Wednesday, September 11, 2013

A Moment of Silence

At 8:46 this morning our school and, I imagine, many others paused to remember the events of September 11, 2001.   Several children were in my library checking out books when the announcement came over the sound system:  This morning we remember the attack on our country which began at this time twelve years ago.  We remember the many people who died in the attack and the many firefighters and policemen who gave their lives to help others that day.  We will now have a moment of silence to remember those brave Americans  and thank those who continue to work hard to keep us safe today.  

We all paused, but only I could actually remember what it was like on that earthshaking day. Our middle schoolers were either not born or were just babes that horrible and beautiful September day when our view of the world changed.  As the students left to go to their first period classes, I hunted up the few books in our library which attempt to explain the attack and put them on display on my desk.  

The 9/11 Report: A Graphic Adaptation by Sid Jacobson and Ernie Colon is The 9/11 Commission Report in graphic novel form.   The Commission's 2004 report was a best seller but hard for many people to understand, so two years later Jacobson, a comic book editor, and Colon, a comic book artist, collaborated on recreating the Report in graphic novel format.  In an interview with NPR, Jacobson emphasized the faithful capturing of the Commission Report's words in the graphic novel: 

"This is not a comic book.  It's a graphic presentation, using many, many devices, to tell what exactly has been said [in the report] and only that. '

Although it is aimed towards high schools students and above, my middle school students respond well to this format, and it was quickly taken from my desk for checkout today. 


In Understanding September 11th: Answering Questions About the Attack on America, Mitch Frank, a Time Magazine reporter, uses a question and answer format to present the September 11th events and the political background leading up to the attacks.  This format works for my students because they can read and absorb the amount of information they can handle and then put the book down and pick it up again later.  It's  also well-illustrated with images chosen for the sensitivities of this age group.  One student today browsed through several pages looking just at the images, talking to me about what he was seeing in them.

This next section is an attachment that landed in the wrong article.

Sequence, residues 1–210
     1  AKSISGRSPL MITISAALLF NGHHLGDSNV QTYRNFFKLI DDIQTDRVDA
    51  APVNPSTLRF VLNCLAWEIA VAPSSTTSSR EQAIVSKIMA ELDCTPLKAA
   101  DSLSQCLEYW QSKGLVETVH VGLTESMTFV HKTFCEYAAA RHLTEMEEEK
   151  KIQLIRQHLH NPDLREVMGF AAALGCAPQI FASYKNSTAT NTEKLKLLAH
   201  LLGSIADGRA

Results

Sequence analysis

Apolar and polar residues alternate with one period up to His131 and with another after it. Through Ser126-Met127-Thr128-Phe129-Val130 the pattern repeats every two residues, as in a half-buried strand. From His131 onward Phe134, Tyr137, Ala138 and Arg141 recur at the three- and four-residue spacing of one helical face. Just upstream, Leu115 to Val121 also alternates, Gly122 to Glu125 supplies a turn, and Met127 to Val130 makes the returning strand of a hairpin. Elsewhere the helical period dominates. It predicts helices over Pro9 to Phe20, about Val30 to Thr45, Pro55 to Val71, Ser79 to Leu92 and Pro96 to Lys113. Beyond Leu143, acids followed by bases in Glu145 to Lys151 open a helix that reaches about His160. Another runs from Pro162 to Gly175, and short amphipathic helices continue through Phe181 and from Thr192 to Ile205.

Don Brown's book America Is Under Attack is geared towards younger children of elementary school age.  He uses a storybook style and soft watercolor illustrations to lay out the events of attack, emphasizing the heroic efforts made to save lives that day. 

 School Library Journal recommends this book for grades 2-4 and I haven't bought it since I suspect  my students would take one look at the simple text and put it down.  Too bad, because I think the illustrations are perfect for middle schoolers. The softness of the watercolors make the harsh realities they depict a bit easier to handle for those old enough to know the whole horrible truth of what happened but still too young to handle the stark, unforgettable media images we older folk saw on TV and in the news magazines twelve years ago.

1 comment:

  1. Mary
    On Monday, I had a 2-hour personal tour of the Pentagon from a genealogy friend who is a "wheel" at the Pentagon. On the way in he showed me the exact spot of the terrorist attack and explained that as bad as it was it would have been worse if they had hit 10 feet higher. In the building there is a tribute to those who in the Pentagon who lost their lives. He lost two close friends who were attending meetings in the area of the crash. The last thing we did was walk through the trees and benches that constitutes the memorial. It was sobering. Thanks for what you did to help your students better understand. Jim


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